Book 6 of the Above and Beyond series follows on shortly from “Noble Heart”. This is very much a serialised story, and while each book is a complete story arc in itself, the whole is so much greater than the sum of the parts. In this episode we learn a whole lot more about Frei’s emotional depths, about Renee’s family background, the truth about the death of her father and brother, and watch with amused affection Aeron’s bumbling realisation of her feelings.

Which is an odd way to describe an action-packed storyline which makes Bond, Mission impossible and Tomb Raider added together look tame. While the story starts with a gentle reunion it is soon ramped up to a multi-scene encounter with the baddies, SIG under attack on several fronts while the Frei and Lorelei families employ their varied skills to support our heroes. The core of the action boils down to a vicious running battle across Renee’s infamous Black Mountain with multiple nail-biting moments and a breathless final escape.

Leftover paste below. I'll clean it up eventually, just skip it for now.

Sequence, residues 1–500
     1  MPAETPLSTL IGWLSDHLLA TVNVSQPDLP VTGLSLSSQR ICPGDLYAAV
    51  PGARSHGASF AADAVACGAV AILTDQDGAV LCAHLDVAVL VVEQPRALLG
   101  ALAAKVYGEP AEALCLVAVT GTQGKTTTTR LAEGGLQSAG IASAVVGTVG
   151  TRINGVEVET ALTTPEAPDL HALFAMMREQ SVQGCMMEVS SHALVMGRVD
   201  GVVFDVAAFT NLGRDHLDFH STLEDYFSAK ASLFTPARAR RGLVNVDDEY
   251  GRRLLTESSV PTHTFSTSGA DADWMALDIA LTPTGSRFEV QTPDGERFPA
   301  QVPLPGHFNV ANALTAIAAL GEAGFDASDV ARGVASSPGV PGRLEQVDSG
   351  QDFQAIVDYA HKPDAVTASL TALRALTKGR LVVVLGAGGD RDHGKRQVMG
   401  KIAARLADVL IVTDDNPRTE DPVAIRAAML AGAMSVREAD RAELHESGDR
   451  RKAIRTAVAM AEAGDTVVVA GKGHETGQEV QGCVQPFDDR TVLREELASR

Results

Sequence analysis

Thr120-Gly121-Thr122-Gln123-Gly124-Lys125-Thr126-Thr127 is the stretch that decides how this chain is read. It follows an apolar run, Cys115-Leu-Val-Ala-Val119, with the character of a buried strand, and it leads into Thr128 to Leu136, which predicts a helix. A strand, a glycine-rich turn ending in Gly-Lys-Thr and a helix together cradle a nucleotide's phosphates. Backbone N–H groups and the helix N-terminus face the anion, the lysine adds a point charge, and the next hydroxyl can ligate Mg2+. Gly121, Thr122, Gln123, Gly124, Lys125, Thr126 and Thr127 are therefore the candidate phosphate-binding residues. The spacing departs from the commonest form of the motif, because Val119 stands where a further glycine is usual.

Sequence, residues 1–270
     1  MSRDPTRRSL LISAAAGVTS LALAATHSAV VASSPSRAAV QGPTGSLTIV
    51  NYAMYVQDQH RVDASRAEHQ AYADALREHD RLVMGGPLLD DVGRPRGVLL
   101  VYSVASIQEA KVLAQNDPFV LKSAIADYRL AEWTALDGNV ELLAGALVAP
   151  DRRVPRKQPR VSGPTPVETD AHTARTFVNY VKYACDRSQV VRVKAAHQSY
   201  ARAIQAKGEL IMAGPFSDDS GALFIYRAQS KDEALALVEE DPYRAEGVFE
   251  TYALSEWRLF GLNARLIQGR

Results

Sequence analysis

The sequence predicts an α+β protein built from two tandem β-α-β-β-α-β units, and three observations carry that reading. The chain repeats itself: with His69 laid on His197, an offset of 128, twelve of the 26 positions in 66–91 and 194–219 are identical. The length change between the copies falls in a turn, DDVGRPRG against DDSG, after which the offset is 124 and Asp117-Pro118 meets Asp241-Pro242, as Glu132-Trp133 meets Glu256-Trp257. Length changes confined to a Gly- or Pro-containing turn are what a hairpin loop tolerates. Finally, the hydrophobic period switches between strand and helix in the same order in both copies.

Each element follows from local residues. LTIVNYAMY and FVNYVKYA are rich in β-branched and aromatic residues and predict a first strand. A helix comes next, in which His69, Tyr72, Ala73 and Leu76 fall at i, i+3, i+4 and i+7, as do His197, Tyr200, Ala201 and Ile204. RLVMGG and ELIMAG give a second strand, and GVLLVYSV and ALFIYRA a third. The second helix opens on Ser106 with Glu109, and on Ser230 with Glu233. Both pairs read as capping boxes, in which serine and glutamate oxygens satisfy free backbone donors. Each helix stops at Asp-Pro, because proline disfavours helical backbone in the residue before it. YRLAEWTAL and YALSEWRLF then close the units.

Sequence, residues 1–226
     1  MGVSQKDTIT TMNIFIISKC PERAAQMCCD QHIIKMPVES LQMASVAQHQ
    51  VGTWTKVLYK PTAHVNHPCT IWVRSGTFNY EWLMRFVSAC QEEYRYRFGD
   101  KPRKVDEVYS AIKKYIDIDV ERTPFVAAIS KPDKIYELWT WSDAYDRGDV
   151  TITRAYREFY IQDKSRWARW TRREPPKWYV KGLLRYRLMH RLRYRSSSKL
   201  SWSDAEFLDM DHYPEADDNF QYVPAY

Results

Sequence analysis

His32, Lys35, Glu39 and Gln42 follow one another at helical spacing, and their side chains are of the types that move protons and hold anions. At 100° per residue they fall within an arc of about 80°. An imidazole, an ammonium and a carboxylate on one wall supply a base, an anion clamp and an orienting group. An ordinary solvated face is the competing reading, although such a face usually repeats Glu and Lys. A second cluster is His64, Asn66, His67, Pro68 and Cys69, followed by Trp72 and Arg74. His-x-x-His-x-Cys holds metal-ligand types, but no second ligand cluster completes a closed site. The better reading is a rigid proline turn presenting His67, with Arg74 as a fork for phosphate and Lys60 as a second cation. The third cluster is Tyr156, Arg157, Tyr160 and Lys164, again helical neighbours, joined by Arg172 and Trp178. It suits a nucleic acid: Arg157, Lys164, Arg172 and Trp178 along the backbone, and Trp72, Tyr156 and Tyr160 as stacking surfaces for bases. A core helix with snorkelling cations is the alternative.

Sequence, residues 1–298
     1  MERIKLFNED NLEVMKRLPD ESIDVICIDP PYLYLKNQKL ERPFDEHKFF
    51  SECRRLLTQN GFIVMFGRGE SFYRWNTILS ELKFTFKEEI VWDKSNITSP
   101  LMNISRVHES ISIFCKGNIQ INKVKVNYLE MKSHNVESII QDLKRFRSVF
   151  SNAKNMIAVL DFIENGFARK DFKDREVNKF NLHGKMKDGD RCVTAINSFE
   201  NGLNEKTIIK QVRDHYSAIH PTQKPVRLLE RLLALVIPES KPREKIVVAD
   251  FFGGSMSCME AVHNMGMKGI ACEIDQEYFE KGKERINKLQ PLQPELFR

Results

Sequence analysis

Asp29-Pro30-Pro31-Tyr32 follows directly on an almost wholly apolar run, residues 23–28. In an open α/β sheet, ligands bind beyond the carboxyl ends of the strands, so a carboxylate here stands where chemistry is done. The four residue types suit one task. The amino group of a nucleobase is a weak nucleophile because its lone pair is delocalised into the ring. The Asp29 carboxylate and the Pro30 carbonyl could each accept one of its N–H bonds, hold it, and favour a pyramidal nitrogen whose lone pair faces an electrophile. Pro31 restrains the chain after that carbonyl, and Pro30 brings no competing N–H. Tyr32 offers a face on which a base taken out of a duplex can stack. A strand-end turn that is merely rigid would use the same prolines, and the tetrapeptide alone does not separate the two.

And in the end the cliffhanger from hell, taking us right back to the opening of the series in “The Empath”… and quite frankly ready to wring the author’s neck if book 7, the last in the series,  doesn’t come out fairly soon.

It’s a huge series, epic isn’t big enough. It’s a love story, it’s a deeply engaging tale of three powerful women fighting against cruel and inhumane criminals, it’s a masterful ensemble piece where we have grown to know a huge cast of players, and it is a breath-taking action adventure that will have your mind reeling as it races around the various settings and the diverse groups interact.

There isn’t praise high enough for a series that absorbs the brain and imagination on so many levels. Its breath-taking, enthralling, engaging, well written and simply stunning. If you love good stories, strong women, fast-paced action, deep characters, wide casts and a book you can’t put down you really need to read this series.

Did you know? If you purchase any of the books reviewed on the LRR from our Amazon shop or Amazon page links we receive a couple of cents per book which will help us support the Lesbian Reading Room GCLS Scholarship Fund.